On the retreat from Kabul of General Elphinstone's army in 1842, a hill near Gandamak was the scene of the Battle of Gandamak, during which the last survivors of the force—twenty officers and forty-five British soldiers of the 44th East Essex Regiment—were massacred leaving only one survivor. Gandamak is also notable for the Treaty of Gandamak, which was signed here on May 26, 1879, between the British government and His Highness Muhammad Yakub Khan, Amir of Afghanistan and its dependencies.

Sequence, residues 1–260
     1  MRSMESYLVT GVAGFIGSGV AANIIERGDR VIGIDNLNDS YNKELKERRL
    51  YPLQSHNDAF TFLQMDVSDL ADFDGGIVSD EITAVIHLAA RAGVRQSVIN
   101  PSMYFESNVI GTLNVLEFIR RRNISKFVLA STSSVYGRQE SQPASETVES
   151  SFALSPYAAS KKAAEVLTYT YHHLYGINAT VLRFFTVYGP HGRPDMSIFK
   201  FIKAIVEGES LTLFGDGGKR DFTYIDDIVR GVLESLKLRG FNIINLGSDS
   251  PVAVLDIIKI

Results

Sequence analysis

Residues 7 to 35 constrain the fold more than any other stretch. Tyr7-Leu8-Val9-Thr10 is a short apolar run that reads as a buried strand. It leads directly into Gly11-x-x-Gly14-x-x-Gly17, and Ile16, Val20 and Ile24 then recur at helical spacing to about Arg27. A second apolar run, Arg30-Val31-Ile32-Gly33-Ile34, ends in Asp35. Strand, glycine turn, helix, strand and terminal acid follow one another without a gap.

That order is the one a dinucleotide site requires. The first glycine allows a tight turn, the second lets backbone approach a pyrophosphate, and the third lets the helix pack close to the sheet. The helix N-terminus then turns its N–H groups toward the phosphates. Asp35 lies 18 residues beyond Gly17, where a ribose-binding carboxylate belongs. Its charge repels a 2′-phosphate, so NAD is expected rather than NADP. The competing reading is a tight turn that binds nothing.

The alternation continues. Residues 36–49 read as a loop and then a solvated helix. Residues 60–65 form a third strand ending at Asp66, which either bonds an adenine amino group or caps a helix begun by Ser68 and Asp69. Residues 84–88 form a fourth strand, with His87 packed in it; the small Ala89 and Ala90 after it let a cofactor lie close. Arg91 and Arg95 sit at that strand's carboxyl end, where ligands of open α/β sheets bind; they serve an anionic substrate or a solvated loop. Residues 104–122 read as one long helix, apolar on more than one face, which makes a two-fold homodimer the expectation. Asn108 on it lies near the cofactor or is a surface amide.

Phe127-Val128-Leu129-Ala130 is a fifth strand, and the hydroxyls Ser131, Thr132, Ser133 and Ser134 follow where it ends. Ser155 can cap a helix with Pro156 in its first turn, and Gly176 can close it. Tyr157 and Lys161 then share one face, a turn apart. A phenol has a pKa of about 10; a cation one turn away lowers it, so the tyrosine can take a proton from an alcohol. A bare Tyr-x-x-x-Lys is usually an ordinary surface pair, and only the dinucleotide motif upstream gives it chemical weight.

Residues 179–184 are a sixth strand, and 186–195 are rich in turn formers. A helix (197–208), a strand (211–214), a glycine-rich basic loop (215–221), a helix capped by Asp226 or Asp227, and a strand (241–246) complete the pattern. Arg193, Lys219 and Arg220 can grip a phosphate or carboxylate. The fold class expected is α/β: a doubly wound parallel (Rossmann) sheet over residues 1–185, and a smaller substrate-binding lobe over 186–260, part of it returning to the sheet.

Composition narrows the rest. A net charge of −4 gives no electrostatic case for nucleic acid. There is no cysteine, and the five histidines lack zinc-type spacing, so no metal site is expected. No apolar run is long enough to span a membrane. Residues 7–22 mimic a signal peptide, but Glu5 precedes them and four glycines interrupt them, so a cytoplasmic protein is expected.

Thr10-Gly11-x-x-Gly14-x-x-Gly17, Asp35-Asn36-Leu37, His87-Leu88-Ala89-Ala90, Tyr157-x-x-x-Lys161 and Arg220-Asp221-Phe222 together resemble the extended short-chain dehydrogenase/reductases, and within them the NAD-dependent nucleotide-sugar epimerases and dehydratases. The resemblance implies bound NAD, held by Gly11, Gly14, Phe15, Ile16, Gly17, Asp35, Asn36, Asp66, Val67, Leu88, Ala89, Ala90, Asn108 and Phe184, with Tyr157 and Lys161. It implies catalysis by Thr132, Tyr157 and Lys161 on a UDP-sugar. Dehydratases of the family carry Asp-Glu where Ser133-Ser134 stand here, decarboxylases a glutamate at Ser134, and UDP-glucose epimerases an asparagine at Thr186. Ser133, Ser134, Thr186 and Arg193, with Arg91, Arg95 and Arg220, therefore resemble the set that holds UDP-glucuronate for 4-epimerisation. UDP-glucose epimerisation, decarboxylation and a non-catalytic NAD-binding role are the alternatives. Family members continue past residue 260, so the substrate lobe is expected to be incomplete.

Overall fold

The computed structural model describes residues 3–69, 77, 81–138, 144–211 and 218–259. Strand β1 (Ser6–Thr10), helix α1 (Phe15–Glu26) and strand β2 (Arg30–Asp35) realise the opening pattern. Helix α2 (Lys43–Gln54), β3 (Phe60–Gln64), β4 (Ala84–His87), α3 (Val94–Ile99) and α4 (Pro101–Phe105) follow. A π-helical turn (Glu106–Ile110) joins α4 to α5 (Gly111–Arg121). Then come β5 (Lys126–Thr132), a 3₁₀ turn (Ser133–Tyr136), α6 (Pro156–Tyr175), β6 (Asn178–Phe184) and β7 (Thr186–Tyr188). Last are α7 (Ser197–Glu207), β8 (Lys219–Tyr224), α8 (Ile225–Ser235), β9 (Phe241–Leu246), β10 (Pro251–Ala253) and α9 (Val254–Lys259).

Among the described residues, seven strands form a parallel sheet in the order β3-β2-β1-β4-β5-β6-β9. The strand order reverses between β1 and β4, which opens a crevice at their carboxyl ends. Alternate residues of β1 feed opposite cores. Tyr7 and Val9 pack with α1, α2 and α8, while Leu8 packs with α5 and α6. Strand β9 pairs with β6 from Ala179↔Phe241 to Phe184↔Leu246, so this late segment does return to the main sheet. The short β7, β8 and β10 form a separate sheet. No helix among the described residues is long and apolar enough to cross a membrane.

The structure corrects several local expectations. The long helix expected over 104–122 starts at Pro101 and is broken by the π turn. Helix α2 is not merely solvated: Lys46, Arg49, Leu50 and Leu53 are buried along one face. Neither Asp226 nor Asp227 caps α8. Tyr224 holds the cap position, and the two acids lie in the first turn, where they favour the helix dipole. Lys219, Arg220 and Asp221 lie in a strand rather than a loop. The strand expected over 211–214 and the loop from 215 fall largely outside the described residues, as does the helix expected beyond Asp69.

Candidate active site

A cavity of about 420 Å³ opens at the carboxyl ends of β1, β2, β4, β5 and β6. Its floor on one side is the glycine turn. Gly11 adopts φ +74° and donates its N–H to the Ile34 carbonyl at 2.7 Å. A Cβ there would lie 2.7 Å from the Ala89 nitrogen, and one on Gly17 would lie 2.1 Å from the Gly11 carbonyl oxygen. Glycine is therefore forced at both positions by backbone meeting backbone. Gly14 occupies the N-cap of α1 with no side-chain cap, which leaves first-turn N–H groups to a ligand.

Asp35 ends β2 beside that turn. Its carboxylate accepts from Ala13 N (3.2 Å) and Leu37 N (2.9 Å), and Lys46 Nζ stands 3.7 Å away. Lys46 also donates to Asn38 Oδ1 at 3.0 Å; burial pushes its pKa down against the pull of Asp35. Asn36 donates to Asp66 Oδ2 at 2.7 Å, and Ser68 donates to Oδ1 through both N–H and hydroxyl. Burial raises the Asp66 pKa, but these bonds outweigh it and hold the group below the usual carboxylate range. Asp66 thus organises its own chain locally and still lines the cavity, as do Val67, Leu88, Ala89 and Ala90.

- This article incorporates text from a publication now in the public domain: Chisholm, Hugh, ed. (1911). Encyclopædia Britannica (11th ed.). Cambridge University Press.<templatestyles src="Module:Citation/CS1/styles.css"></templatestyles>
- Reynolds, Francis J., ed. (1921). "Gandamak". Collier's New Encyclopedia. New York: P.F. Collier & Son Company.<templatestyles src="Module:Citation/CS1/styles.css"></templatestyles>
- See  for photographs of modern Gandamak village and battlefield
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